Okay, fine.  Now what are the differences between the orange-black strategy and the green-purple one?  I can think of two:  (1) orange-black is inescapably juvenile, and (2) it's joined at the hip to Halloween.  It's difficult to use orange-black anywhere else, because it "looks Halloweeny" no matter what you do, and it's never adult-scary.  It's for kids.  Green-Purple, on the other hand, is not so tightly constrained.  Oh sure, it can go as cute and tricks-or-treatsy as anything orange-and-black (witness the above), but it can also be used for more adult scares, although it always seems to do so with tongue-in-cheek, never too far away from the campy side of horror.  I mean, no one uses the purple-green palette if the intent is to truly scare the crap out of you, but it can certainly be used for the gruesome and grim.  And green-purple is not tied down to Halloween.  It can be used to evoke spooks and spirits and ugly old creeps far beyond the October horizon.


No clearer example of putting this color combination to gleefully ghoulish use can be found
than Collin Campbell's artwork for the "Story and Song" Haunted Mansion souvenir album.



Just flip through those familiar eleven pages.  Sometimes it's green and purple,
but at other times it's purple and green.  For variety's sake, one supposes.
(The only exception is the Hat Box Ghost illustration: blue and purple.)

Is this a recent development, this perception of purple (or magenta) and green as a creepy combo?  No.



Do Disney artists use this palette elsewhere, for the same purposes?  Yes.
We've already cited Madame Mim, but that's barely the tip of the iceberg.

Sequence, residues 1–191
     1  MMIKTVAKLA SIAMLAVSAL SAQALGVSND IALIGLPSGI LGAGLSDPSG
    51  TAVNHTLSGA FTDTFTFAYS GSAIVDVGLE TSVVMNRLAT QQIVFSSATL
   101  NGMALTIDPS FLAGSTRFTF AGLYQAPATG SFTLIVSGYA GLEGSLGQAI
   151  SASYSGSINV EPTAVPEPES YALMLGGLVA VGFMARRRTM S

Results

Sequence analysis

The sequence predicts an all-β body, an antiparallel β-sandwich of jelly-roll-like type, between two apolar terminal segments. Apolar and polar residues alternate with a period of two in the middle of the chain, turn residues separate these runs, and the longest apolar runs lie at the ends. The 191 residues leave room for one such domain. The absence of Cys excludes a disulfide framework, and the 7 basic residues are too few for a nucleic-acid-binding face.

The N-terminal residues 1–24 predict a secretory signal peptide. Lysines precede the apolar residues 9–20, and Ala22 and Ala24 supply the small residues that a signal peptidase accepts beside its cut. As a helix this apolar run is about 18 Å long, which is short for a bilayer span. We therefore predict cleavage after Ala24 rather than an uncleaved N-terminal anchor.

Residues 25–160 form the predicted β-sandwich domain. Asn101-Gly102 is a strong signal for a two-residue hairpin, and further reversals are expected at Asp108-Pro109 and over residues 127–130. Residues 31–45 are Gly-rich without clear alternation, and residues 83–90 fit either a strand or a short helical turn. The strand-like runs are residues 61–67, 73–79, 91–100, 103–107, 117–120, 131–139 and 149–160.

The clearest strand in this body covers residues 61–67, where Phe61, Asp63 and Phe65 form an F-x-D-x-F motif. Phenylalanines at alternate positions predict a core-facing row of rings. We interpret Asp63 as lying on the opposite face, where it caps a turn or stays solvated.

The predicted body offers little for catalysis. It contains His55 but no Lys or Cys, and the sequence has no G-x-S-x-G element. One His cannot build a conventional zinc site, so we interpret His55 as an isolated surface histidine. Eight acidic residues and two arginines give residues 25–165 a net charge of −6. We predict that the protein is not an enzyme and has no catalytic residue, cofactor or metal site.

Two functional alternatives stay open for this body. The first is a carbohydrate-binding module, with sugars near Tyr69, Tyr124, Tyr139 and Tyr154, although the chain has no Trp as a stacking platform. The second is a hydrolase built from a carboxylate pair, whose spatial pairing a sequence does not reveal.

The "Hatchet Man" portrait in the Corridor of Doors at WDW

From The Princess and the Frog, a tribute to the animated "Leota" headstone at WDW

You see how it works.  Purple (or magenta) and green conjure up goblins and ghoulies, but not necessarily from last Halloween, and even though it's not a seriously horrific palette, it isn't particularly kid-friendly either (witness the Grand Guignol posters above).  All and all, it feels like a perfect fit for the Haunted Mansion, does it not?

1979 paper bag design

They used purple-green for the silver anniversary celebration in 1994:

Left to right that's John Hench, Bill Justice, Sam McKim, X Atencio, Disney archivist
Dave Smith, Disney historians David Mumford and Bruce Gordon, and Russell Brower.


No wonder Campbell went straight there and stayed there, and no
wonder everyone agrees that he hit the nail right on the head.

But you know, he wasn't the only one.


It remains only to show you some random pictures from the front yard gardens, taken during
the last 15 years or so.  The evidence is undeniable, the case is closed, 'nuff said, and Q.E.D.




(pic by PirateTinkerbell)



The plants get changed and moved around.  One year they may have a green-purple thing around the sundial,
and the next year it may be yellow there.  Green-purple coloration is always prominent somewhere, however.


Not surprisingly, they make good use of hardy plants
that give you both colors, like this Wandering Jew.


I've said it in other places, and now I'll say it here:  There is NO DEPARTMENT at Disneyland that produces more consistently excellent work than the landscape and groundskeeping crew, the gardeners, the flower and tree guys—whatever it is they most like to call themselves ["Horticulture," I'm told].  They know exactly what they're doing and they always do it well.  Gentlemen and women, I salute you.  You're the best in the business.

P.S.  Lonesome Ghost points out that I've overlooked an obvious example of the green-purple palate at the Mansions: The Butler's uniform.